Learn a little about Ecuador with our "fun facts for kids" - its geography, history and a little bit more. It's a very interesting country! Then download our printable flags and colouring flag.
Cotapaxi volcano in the Andes mountain range, Ecuador
A little geography:
- Ecuador is a small country in the north west of South America bordering Colombia to the north and Peru on the south and east. The Pacific Ocean forms the west coastline.
- The Amazon River was navigated in 1541 by de Orellana, a Spaniard looking for cinnamon and ‘El Dorado’ gold.
- Descendants of the Incas, the Kichwa, live across the central Andes. A quarter of the 15.5 million population are indigenous whilst the majority are of mixed Spanish-Indian descent.
- Quito is the world’s 2nd highest capital city, at 2850 metres. In 1978 Quito was the first city to be named on the Unesco Heritage list, thanks to the well preserved historical centre which covers 320 ha.
Ecuador on map of South America. Printable version here.
- Visitors flock to stand on the red line marking the equator at the ‘Mitad do Mundo’ monument, north of Quito. Nearby Cayambe Volcano is the only place on earth where snow is found on the equator.
- Cotopaxi is the world’s highest active volcano. Towering over 5890m, Cotopaxi forms part of the Avenue of Volcanoes in Cotopaxi National Park.
- The Amazon rainforest in eastern Ecuador is called El Oriente. It covers half of the country and is home to 10% of the world’s trees.
- The Galapagos islands are 1,000 km offshore. The 13 volcanic islands form the world’s 2nd largest nature reserve. There are no predators for the wildlife, which are unafraid of humans.
- Ecuador is one of the the world’s largest exporters of quinoa. An ancient seed, predating the Spanish colonisation, quinoa was eaten by Inca warriors to increase their stamina in battle.
Inca ruins at Ingapirca, Ecuador
A little history:
- The Inca Empire, which dominated the region in the 16th century CE, included most of Ecuador as well as Peru and Colombia.
- In 1531, Spanish conquistadors, led by Francisco Pizzaro, arrived in the area. From then on Ecuador was a colony until independence in 1830.
And some fun facts:
- Ecuador is the world’s most biodiverse country for its relatively small size.
- There are 1,600 species of bird, about 16% of the earth’s total!
- There are over 130 species of hummingbird in Ecuador. The hummingbird is the only bird that can fly backwards!
- Another bird found in Ecuador is the Hoatzin, also known as the Stinky Turkey!
- The Andean condor is Ecuador’s national symbol and world’s second largest land bird, with a wingspan of 3 metres. They are an endangered species whose habitat is protected by the reintroduction of llamas and alpacas to grasslands.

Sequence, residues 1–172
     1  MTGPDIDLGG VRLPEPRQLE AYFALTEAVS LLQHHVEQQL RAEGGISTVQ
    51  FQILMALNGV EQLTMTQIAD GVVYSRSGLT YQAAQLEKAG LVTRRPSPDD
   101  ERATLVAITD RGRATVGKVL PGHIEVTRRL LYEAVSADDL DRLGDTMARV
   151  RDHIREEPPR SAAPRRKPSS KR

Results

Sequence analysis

- A community of iguanas live wild in downtown Guayaquil, Ecuador’s largest city, in Iguana Park.
- Charles Darwin learnt about evolution and the origin of species when he saw how tortoises and finches adapted to their surroundings in the Galapagos in 1835.
- Giant tortoises weigh up to 400 kg and reach 1.8 metres in length. They can live for over 100 years in the wild.
- The blue footed booby is named after the Spanish word for clown, bobo, because it waddles around and has large funny looking feet!
- Silver Island, off the Manabi coast, is said to be where Sir Francis Drake hid his pirate treasure. Every year humpback whales arrive from distant Antarctica to have their calves in the warm water.
- Highland Ecuadorians like guinea pigs…for supper. This local rodent originates in the Andes and is roasted with garlic and potatoes!
- Panama hats, made of woven straw, actually come from Ecuador and were exported via Panama, which is how they got their name.
Blue footed boobies!
The Ecuador Flag
The Ecuador flag consists of a double width yellow stripe, a blue stripe and a red stripe. In the centre sits the Ecuador coat of arms, on top of which a condor stretches his wings.
Our Ecuador Resources
This fact-finding worksheet will help your children find out some information about Ecuador and is a useful way to start your studies, and compare countries in South America and elsewhere.
There are four pages in this printable, each with a different size of Ecuador flag on it, ranging from almost A4 size to very tiny (perfect for cupcake toppers!)
Help children work out and remember the location of Ecuador within the South American continent with the help of our location worksheets.
Write about Ecuador on our notebooking page - choosing from two versions below. Notebooking page 1 has space for a map, illustration or photo.
This outline map of South America has the position of Ecuador highlighted. The countries and capitals are annotated.